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Research in FLASH

FLASH Radiotherapy at the University of Maryland

FLASH radiation therapy (RT) is a treatment technique which administers an ultra-high dose of radiation therapy in less time and spares surrounding healthy tissue, without compromising tumor control.

At the University of Maryland, we offer a robust portfolio of ongoing FLASH research. Our unique center houses electron FLASH, proton FLASH, and precision small animal image-guidance platforms in our proton FLASH facility, FLASH with physiciststhe Maryland Proton Treatment Center (MPTC). We also offer FLASH irradiation, a spatially-localized radioprotector which increases the therapeutic index. These modalities allow us to explore the widest possible variety of research topics. While some of these projects are more physics-based (for example, the development of Cherenkov high-speed dosimeters), FLASH research fosters collaborative work between our department’s physicists, clinicians, and biologists in the Division of Translational Radiation Sciences (DTRS). Current projects that our department faculty are actively working on include:

  • Preclinical models of normal tissue response to FLASH
  • Image-guided studies using orthotopic mouse models to characterize tumor control and normal tissue sparing in the same animal
  • Biological dosimeters based on plasmid DNA chips
  • 3D organoids and organs on chips, which can be used to explore the large parameter space in FLASH RT and determine optimal doses, dose rates, oxygenation, etc.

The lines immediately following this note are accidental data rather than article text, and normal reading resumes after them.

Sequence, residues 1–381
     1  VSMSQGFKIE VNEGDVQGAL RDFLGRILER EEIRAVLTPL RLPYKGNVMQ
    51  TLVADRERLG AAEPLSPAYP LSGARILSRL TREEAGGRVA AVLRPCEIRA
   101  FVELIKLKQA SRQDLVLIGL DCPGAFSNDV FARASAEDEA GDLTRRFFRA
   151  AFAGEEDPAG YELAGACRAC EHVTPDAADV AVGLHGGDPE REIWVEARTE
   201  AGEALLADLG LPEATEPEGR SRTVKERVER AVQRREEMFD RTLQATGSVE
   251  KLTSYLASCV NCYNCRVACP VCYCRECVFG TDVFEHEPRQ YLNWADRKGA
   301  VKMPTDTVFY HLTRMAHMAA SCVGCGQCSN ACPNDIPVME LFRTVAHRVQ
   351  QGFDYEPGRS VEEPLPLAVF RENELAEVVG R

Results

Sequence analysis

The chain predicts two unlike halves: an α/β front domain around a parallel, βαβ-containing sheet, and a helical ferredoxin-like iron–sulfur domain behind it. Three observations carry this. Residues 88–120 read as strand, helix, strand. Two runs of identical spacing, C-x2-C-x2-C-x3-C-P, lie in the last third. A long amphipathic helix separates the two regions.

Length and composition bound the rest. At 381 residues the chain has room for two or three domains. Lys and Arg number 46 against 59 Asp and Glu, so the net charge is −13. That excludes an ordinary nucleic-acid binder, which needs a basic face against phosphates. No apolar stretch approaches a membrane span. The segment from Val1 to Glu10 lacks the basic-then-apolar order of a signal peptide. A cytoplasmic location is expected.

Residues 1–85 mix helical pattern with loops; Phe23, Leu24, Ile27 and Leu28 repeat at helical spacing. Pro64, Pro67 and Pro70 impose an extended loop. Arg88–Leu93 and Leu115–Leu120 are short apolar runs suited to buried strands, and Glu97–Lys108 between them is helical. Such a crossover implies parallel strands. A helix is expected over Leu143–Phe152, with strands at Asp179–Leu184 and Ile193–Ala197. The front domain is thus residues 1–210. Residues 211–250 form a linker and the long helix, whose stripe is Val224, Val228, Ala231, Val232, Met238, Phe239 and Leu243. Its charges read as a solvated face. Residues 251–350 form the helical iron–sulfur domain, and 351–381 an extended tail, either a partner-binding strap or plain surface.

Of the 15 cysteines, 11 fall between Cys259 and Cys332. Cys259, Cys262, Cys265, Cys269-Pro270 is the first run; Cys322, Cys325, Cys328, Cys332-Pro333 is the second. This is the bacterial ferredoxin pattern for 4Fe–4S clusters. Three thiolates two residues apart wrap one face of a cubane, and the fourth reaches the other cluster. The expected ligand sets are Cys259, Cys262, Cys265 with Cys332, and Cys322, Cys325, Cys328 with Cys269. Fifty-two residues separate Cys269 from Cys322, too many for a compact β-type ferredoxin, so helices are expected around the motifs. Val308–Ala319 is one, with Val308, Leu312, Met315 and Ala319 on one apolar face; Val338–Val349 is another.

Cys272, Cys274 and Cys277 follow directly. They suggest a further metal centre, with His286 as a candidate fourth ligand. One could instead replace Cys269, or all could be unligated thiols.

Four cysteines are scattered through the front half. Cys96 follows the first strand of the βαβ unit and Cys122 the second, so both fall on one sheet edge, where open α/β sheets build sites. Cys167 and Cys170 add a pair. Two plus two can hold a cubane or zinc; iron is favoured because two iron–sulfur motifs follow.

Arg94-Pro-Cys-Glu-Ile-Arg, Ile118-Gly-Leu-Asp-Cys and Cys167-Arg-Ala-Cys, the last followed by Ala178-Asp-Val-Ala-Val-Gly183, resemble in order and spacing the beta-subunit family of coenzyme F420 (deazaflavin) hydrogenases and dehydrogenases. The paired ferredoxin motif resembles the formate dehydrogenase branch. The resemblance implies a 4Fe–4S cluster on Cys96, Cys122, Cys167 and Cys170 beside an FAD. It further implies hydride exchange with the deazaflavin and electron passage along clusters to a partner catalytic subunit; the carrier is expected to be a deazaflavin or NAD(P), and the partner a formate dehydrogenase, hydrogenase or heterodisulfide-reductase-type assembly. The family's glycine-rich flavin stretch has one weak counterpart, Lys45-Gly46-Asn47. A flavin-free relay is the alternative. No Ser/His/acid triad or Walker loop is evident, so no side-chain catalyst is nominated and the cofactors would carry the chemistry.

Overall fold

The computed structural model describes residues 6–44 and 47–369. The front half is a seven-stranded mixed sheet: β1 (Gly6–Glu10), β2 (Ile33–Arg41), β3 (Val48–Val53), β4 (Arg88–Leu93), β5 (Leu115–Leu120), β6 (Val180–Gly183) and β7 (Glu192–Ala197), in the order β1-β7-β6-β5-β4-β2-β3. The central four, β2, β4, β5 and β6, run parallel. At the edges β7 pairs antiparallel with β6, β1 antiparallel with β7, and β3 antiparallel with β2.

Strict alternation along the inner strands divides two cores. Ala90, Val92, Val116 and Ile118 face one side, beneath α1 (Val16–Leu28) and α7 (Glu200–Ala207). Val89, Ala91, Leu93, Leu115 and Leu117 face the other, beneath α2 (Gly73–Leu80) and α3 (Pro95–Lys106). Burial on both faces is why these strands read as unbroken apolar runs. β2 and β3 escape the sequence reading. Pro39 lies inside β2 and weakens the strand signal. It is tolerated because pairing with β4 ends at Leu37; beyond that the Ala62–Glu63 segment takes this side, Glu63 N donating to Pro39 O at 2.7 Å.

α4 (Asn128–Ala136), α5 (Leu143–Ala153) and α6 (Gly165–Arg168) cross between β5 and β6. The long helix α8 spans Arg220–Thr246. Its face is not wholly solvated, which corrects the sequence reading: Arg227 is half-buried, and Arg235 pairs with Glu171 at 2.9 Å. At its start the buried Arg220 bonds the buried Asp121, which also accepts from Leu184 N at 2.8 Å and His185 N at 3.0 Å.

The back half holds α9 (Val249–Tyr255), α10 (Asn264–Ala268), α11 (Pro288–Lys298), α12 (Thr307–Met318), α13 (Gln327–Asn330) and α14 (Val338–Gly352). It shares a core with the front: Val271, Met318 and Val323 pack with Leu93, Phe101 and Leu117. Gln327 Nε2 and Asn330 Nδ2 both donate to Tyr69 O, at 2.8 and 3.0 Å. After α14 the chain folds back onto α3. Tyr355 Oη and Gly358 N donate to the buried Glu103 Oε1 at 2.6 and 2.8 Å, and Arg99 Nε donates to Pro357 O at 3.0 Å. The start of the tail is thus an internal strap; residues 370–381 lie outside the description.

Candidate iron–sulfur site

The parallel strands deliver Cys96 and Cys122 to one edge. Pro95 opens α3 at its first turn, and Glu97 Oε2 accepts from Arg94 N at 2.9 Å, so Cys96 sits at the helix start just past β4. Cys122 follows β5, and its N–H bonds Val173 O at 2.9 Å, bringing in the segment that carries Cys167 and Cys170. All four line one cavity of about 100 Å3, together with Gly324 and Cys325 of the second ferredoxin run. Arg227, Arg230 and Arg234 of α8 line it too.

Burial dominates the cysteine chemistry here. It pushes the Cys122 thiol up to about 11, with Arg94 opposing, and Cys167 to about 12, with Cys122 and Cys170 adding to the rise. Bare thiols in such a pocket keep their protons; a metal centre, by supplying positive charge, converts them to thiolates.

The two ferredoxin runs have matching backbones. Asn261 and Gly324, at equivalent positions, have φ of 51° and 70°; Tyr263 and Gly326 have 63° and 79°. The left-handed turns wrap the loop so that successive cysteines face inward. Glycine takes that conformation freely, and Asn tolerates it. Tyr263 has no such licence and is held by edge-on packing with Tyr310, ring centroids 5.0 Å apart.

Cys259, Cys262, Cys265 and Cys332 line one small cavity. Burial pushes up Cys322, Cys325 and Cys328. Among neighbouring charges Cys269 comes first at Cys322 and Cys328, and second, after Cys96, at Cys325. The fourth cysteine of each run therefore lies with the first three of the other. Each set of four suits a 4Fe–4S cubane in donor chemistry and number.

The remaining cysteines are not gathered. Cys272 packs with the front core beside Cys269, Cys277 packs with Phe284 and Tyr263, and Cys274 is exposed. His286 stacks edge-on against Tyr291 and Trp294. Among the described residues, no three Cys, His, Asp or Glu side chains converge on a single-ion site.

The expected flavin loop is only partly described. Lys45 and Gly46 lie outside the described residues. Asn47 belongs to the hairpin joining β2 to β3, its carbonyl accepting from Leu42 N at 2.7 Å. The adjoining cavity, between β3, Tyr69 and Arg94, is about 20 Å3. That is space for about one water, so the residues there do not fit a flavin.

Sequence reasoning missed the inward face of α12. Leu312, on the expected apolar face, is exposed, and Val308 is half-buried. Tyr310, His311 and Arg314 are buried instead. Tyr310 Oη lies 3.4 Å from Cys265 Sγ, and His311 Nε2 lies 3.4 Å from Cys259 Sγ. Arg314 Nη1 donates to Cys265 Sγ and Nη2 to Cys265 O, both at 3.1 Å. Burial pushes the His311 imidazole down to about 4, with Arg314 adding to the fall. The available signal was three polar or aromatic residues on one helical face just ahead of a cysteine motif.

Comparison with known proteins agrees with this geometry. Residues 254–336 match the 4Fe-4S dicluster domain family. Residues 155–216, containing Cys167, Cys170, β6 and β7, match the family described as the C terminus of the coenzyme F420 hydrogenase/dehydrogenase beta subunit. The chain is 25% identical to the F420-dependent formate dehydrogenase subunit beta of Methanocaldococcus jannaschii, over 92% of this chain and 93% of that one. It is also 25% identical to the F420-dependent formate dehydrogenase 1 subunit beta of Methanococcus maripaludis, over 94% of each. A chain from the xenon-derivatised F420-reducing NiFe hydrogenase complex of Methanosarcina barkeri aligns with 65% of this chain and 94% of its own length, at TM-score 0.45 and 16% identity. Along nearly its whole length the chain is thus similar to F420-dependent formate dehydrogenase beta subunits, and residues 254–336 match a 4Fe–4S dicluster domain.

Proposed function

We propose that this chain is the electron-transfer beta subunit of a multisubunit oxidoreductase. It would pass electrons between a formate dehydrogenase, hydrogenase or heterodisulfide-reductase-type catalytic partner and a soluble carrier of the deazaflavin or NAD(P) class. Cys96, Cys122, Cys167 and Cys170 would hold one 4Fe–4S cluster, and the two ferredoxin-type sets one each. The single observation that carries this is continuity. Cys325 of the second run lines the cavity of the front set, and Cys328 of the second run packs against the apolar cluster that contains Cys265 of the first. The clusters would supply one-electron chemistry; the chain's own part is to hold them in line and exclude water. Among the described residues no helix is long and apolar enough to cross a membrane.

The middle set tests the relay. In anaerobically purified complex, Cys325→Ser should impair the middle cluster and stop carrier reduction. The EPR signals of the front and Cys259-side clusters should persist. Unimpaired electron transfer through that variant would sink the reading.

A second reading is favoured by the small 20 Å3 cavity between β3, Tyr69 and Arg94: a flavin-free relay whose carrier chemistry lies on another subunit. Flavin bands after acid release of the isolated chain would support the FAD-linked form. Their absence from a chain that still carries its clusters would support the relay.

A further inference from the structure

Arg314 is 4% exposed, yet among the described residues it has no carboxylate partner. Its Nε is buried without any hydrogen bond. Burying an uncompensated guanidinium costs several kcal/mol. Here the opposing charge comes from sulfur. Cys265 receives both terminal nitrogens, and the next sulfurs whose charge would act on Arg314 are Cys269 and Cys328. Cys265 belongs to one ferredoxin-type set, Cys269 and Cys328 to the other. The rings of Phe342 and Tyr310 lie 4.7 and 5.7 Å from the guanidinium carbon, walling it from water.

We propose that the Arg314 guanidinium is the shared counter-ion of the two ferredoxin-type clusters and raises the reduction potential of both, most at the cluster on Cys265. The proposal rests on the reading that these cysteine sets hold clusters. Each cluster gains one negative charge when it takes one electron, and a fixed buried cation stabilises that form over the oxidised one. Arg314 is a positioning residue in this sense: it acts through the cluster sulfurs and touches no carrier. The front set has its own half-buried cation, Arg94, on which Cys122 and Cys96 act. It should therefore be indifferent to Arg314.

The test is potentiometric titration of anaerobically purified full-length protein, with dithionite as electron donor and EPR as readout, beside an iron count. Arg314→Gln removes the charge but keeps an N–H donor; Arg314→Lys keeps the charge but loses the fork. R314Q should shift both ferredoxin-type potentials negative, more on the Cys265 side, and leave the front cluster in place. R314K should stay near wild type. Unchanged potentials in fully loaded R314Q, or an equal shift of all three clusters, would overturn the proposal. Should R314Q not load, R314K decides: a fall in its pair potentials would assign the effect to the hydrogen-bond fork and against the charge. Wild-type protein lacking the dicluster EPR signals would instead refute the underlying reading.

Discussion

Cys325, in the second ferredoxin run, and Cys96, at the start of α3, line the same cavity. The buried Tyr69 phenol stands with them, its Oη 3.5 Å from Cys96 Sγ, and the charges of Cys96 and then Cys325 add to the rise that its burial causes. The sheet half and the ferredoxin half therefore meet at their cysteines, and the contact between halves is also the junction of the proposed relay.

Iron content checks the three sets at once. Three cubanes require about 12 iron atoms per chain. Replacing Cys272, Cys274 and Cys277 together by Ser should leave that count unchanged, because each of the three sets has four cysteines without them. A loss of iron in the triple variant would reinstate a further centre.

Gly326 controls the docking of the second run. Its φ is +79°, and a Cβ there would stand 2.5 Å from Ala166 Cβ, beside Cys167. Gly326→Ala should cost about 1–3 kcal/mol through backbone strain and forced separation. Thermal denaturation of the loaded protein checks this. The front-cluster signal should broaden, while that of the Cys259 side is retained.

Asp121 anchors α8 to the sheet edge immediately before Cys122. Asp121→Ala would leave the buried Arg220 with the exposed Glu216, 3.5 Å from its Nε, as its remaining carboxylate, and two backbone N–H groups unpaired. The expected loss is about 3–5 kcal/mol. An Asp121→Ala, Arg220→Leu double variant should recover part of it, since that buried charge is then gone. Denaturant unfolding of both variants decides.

FLASH Basics

FLASH Research Portfolio

  • Consensus Definition: Radiation dose rates >40 Gy/s
  • ~2 orders of magnitude > conventional irradiation
  • “FLASH effect” spares normal tissue without compromising tumor control
  • In essence, FLASH irradiation is a spatially-localized radioprotector that increases the therapeutic index

Department Investments in FLASH


In 2020, the department made a $1.8 million commitment across all three of our divisions to elucidate the basic science of high-dose-rate FLASH radiotherapy techniques, conduct and report on translational studies, and implement the knowledge gained in clinical applications. This unusual self-investment effort positions the department at the forefront of a technique with the potential to revolutionize radiation treatment and expand understanding of related basic radiation biology. Under the direction of vice chair for medical physics Amit Sawant, PhD, we have completed major technology realignment and launched a range of associated basic and translational activities:

Precision Image-Guided Proton FLASH
  • Decommissioning and converting a LINAC machine to an electron FLASH delivery system at the University of Maryland Medical Center (UMMC) and enabling FLASH beam technology at the Maryland Proton Treatment Center (MPTC);
  • Installing a small-animal radiation research platform at MPTC for more complex studies that more closely mirror clinical applications and enable documentation of basic technical parameters for future clinical regimens;
  • Participating at the national level in FLASH consortia, professional meeting presentations, and related work groups;
  • Conducting a program in preclinical FLASH research under DTRS director France Carrier, PhD, to evaluate mechanisms underlying ultra-high-dose-rate effects on normal and tumor tissues.

 To learn more about FLASH RT, please contact Amit Sawant, PhD at or France Carrier, PhD at